“Samuel Beckett would have turned 100 this year, but in a sense he was always 100. One is almost tempted to say he was always 1,000. …No writer better deserves the title of Millennium Poet Laureate.” That’s the claim of Robert Brustein in his essay “Samuel Beckett: Millennium Poet Laureate” in the Chronicle Review.

Jersey Shore Literary?
During this month, I’m going to the Jersey Shore to witness the christening of my niece. It will be warm. Hopefully sunny. And a breeze will come off the Atlantic. All features I have associated with the Jersey shore. Literary is not one of them. Yet Suzy Hansen makes the point in her Slate essay about Richard Ford and Frederick Reiken.

Stupid Is as Stupid Does
Four days before her due date (Sept. 25), Turkish novelist Elif Shafak will go on trial for “insulting Turkishness”–a real charge under the country’s criminal code. Novelists Orhan Pamuk and Perihan Magden were also charged in separate cases. The charges in the case of these men were dropped. Shafak’s offense? Her Armenian character says: “I am the grandchild of genocide survivors who lost all their relatives in the hands of Turkish butchers in 1915.” The genocide is not fiction. It happened.
Other related
: Turkish court acquits author Perihan Magden, Interview: Elif Shafak, and Extract from The Flea Palace by Elif Shafak.

25 Books at a Time
Joe Queehan discusses his reading habits in his essay “Why I Can’t Stop Starting Books.” He wonders if he has “too long” an attention span.

Writers Should Explore
“If that makes things hard for the writer, it also makes things hard, in a different way, for the reader. On the one hand we are used to this being political territory, but on the other we want something very different from a novel than what we get from the newspapers: we want imaginative understanding, not political positions; we want to get close to a fictional individual rather than stand in judgment over a real group; we want the challenge of speculation rather than the reassurance of certainty. We want art, not news, at a time when news seems to be drowning out art,” writes Natasha Walter for the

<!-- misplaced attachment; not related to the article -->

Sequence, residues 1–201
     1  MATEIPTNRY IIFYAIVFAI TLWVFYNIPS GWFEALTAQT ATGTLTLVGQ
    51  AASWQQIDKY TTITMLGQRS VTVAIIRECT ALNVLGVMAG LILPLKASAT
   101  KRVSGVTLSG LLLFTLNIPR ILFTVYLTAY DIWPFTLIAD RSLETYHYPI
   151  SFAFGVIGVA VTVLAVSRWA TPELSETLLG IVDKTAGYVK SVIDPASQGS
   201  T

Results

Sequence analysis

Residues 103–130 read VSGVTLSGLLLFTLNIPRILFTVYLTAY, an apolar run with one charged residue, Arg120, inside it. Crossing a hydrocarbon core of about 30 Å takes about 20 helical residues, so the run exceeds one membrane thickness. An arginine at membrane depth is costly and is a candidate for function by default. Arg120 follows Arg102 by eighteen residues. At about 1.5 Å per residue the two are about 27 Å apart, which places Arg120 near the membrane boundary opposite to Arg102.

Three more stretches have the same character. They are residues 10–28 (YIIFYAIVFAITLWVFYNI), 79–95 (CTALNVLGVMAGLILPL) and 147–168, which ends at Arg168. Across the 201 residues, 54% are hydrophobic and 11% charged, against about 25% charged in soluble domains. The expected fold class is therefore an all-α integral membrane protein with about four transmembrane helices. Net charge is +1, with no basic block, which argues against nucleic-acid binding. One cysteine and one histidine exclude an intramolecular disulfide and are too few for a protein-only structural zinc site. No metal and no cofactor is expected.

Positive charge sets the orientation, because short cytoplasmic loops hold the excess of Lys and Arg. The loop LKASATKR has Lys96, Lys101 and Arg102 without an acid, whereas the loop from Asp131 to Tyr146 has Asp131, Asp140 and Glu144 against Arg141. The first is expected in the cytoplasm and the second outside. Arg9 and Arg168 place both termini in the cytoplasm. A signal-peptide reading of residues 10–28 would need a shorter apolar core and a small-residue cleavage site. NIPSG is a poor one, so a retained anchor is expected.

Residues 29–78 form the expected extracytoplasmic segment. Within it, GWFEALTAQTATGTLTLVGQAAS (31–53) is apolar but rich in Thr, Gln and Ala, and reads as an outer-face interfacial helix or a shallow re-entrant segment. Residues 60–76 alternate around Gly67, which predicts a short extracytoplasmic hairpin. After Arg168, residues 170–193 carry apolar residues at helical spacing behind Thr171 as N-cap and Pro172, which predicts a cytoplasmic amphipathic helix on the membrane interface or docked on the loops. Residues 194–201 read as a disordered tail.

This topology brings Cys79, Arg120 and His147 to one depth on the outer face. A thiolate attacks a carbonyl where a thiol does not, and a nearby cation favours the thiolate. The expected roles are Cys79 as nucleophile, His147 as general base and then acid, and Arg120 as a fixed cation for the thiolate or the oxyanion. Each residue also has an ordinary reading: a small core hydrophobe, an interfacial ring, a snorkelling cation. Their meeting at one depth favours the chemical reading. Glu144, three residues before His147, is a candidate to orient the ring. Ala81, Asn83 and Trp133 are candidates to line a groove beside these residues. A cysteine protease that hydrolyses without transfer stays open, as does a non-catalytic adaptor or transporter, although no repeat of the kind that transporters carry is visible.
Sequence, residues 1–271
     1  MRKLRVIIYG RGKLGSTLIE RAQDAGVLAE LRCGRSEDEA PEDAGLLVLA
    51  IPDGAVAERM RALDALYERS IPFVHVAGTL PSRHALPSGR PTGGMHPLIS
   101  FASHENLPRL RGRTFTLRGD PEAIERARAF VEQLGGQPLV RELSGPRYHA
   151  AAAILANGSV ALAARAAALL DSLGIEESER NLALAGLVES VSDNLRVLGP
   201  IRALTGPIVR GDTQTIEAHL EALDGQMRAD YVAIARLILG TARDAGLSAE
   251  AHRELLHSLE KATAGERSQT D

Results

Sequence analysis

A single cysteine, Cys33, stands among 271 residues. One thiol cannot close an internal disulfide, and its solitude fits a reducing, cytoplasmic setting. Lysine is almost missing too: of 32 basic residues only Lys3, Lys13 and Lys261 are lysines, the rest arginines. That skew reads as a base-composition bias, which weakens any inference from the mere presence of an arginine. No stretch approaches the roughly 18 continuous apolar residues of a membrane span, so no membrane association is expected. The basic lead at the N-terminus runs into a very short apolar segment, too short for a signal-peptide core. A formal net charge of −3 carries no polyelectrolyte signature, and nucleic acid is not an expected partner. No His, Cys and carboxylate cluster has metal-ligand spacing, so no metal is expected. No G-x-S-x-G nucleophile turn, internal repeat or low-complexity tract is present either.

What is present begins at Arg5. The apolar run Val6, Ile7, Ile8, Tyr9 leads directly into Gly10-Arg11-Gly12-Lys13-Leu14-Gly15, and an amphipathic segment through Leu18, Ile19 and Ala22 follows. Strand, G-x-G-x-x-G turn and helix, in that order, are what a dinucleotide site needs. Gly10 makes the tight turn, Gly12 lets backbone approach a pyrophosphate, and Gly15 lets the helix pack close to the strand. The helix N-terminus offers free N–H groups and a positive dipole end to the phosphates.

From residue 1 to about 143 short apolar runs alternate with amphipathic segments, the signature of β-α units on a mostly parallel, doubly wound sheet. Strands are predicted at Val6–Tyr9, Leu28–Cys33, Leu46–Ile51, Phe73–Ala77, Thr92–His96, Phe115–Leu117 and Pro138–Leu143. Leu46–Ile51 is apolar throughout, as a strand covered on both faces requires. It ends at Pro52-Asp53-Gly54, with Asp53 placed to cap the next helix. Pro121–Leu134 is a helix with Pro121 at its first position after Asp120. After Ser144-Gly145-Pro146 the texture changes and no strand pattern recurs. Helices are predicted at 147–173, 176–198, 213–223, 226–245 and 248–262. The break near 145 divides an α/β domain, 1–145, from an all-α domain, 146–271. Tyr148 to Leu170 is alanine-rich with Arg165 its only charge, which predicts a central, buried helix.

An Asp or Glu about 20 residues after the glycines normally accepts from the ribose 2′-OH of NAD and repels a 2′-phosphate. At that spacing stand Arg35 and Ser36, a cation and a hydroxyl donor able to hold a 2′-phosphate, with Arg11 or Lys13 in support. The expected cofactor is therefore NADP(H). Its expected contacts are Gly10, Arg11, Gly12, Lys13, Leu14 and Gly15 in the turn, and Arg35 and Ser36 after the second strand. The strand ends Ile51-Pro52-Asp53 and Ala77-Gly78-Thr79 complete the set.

Guardian. She discusses how writers such as Salman Rushdie, John Updike, Martin Amis, Joseph Conrad, Doris Lessing, and Don Delillo delved into topics that were politically unpleasant. At the same time, you might want to read what the blog Alt.Muslim has to say about Updike’s Terrorist. It’s a nice counterweight to Walter’s piece.

Who Are the Young Writers of Today?
The blog Critical Mass reviews an NBCC panel which discussed this subject this past weekend. The authors they mentioned include David Mitchell, Zadie Smith, Jonathan Safran Foer, Jhumpa Lahiri, Tom Bissell, Nathan Englander, Emily Barton, Stephen Elliot, Kelly Link, Daniel Alacon, Susan Choi, Allegra Goodman, Curtis Sittenfeld, Arthur Phillips, Daniel Handler, Julie Orringer, Benjamin Kunkel, Gary Shteyngart, Chris Abani, Dave Eggers, Colson Whitehead, and Whitney Terrell.

Why Can’t Writers Cross Genres?
“Why do so many brilliant fiction writers turn out atrocious dramas, and so many good playwrights produce bad novels? That’s the question Philip Hensher asks on the newly produced Exiles by James Joyce. Although I do wonder about his point of view. Novelist Sarah Schulman continues to write novels and plays, both rewarding and enriching.